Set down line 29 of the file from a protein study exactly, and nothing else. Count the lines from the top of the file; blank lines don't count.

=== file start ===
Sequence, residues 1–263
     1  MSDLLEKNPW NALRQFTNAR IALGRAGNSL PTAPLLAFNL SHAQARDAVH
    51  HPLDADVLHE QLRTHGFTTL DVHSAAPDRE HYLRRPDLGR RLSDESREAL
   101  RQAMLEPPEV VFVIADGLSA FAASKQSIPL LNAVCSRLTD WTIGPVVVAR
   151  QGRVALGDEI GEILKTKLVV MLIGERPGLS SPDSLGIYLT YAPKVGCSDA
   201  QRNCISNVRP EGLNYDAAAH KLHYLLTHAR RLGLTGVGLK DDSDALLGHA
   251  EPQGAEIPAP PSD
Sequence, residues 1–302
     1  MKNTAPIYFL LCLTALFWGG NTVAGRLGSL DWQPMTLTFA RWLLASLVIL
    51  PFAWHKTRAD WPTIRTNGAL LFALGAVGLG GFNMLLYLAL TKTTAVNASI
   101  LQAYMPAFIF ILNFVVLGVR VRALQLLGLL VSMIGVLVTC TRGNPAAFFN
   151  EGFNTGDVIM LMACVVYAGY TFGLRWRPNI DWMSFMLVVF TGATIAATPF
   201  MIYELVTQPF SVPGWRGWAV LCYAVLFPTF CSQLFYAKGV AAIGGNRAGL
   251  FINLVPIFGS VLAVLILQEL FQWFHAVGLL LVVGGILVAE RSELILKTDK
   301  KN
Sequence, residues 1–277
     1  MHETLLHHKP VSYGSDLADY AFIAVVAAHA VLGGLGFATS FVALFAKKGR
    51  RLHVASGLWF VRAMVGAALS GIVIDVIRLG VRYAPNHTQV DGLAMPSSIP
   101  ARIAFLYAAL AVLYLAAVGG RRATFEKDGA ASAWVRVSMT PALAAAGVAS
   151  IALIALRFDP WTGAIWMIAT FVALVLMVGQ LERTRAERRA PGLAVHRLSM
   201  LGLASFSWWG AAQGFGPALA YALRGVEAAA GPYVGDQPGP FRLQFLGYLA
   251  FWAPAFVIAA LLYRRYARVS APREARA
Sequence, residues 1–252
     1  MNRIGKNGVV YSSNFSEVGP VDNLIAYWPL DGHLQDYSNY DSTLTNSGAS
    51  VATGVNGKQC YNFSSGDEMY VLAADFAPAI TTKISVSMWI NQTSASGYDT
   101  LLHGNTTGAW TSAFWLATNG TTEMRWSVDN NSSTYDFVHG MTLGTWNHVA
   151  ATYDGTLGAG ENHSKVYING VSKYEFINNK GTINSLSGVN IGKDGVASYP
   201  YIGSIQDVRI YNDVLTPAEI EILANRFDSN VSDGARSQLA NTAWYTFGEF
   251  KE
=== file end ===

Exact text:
   251  KE